What is the Future of Cardio-Oncology in Cuba?
Over the last several years, the Latin America region has seen an increased population life expectancy, and cardiovascular disease and cancer are now the top causes of death in Cuba. A new international perspective published March 16 in JACC: CardioOncology evaluates the present and future state of the rapidly growing cardio-oncology specialty in the country.
Manuel Bazan, MD, et al., explain that the Institute of Oncology and Radiobiology, located in Havana, made waves in 2010 by establishing a team of cardiologists, oncologists, and additional clinicians that worked to evaluate oncologic patients that showed signs of cardiotoxicity or had a history of cardiovascular disease. Since then, multiple hospitals have formed similar groups to improve patient outcomes and hone best practices in cardio-oncology.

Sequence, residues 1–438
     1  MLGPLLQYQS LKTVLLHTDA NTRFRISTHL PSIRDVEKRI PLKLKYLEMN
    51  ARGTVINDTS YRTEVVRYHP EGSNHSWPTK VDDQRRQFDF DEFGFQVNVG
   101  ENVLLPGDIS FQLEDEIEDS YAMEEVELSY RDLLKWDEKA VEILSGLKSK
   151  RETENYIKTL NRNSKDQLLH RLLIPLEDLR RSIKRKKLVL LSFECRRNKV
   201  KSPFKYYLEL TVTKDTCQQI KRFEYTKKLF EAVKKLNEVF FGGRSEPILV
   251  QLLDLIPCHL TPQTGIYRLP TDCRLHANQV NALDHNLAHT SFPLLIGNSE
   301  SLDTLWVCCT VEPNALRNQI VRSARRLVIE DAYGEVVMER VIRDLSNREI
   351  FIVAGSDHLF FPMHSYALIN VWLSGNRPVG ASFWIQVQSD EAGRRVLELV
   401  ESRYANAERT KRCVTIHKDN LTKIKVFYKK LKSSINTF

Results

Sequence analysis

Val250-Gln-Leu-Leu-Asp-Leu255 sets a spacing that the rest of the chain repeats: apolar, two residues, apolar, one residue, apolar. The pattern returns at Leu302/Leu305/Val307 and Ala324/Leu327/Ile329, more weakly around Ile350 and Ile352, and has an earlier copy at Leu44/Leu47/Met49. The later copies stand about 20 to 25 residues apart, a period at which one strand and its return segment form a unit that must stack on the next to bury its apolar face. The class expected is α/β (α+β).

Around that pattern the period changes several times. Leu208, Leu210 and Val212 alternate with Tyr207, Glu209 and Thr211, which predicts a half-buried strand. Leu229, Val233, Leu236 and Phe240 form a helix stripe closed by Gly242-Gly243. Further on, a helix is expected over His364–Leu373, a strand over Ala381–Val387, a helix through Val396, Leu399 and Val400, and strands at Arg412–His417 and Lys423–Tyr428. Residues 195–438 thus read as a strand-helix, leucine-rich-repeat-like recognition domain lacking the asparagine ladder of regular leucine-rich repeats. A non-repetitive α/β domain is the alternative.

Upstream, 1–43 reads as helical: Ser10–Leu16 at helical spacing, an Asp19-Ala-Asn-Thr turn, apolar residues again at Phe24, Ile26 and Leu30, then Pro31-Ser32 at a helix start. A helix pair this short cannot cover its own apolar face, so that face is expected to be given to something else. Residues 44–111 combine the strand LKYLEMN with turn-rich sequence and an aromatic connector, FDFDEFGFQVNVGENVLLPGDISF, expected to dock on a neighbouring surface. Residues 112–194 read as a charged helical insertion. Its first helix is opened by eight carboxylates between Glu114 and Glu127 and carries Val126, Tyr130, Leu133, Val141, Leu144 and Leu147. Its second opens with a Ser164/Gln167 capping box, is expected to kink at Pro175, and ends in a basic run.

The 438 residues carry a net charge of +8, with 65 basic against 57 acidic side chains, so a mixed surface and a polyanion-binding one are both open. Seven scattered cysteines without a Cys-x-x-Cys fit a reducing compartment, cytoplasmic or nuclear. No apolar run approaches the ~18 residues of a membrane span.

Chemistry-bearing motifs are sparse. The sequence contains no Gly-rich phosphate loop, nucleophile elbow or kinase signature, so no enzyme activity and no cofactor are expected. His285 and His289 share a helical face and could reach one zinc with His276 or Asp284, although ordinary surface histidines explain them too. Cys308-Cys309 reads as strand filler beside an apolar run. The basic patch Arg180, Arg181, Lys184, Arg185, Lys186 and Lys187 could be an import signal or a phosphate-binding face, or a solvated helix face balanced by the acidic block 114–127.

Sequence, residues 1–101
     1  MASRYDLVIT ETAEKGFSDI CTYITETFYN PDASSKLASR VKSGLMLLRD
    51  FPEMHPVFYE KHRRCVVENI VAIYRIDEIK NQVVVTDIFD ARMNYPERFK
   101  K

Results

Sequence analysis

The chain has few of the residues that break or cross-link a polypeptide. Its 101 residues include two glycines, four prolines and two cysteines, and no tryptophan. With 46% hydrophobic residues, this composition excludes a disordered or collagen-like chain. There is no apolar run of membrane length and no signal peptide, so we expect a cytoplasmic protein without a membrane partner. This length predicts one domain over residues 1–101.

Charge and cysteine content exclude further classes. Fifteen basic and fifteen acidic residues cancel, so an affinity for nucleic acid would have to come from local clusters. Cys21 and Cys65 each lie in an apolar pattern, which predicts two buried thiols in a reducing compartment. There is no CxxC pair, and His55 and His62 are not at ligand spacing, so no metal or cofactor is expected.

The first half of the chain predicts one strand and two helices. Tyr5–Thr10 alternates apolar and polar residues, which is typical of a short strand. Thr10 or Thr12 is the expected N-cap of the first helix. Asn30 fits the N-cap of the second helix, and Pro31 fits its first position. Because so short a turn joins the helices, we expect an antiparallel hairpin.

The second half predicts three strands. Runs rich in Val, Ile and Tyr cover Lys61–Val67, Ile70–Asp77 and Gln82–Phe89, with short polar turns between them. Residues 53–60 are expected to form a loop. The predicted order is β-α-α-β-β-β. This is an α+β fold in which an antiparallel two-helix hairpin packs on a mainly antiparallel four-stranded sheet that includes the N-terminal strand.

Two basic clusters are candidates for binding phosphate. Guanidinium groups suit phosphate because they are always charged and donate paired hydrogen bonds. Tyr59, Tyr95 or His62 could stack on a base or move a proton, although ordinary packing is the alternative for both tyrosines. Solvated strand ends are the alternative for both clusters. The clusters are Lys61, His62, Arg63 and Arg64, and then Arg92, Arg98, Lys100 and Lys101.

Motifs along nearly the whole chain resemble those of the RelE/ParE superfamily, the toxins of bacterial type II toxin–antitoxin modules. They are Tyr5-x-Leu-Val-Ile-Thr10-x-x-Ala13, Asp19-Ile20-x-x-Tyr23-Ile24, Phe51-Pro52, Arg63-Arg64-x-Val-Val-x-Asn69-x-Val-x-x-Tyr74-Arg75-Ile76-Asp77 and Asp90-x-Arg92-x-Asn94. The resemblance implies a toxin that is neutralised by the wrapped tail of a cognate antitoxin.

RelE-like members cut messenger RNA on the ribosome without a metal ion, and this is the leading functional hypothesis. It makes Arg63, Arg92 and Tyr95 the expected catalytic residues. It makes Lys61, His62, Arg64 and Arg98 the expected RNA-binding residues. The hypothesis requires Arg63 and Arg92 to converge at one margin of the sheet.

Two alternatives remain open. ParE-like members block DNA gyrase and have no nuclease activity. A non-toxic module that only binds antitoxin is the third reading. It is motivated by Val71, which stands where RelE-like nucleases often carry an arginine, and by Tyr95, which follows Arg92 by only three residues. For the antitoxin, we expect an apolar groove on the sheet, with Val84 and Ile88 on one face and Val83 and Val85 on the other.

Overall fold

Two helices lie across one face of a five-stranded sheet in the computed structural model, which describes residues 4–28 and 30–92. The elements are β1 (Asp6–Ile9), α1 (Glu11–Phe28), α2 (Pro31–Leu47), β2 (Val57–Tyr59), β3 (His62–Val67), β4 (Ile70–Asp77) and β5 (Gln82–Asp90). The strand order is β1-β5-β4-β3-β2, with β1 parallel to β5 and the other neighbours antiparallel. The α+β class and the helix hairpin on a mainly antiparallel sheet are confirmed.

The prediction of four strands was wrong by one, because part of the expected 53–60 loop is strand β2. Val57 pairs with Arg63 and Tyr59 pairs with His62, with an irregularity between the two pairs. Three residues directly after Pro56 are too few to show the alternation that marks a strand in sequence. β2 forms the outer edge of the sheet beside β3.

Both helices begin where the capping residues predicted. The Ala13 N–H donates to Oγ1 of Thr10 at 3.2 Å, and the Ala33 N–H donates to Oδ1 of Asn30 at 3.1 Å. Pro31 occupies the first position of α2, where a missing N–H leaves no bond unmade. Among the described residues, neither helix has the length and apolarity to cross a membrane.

"Multiple efforts are under way in Cuba to enhance cardio-oncology prevention, detection, treatment, and monitoring," explain the researchers. These efforts include: the formation of cardio-oncology groups across the country; usage of interventional methods for cancer patients with pericardial effusions; research on early predictors in chemotherapy-related cardiac dysfunction; increased focus on the unique needs of female cardio-oncology patients; and more.
However, they add that key improvement areas remain. Of utmost importance: increasing awareness of the risk of cardiotoxicities and the role of preventative cardiology; strengthening coordination, communication, and information-sharing between oncologists and cardiologists; incorporating cardio-oncology in cardiology fellowship curriculums; "improving protocols for diagnosis, evaluation, monitoring, and risk stratification of [cardiovascular diseases] in cancer patients;" and more.
Keywords: ACC International, Cardiotoxicity, Latin America, Pericardial Effusion, Life Expectancy, Cuba
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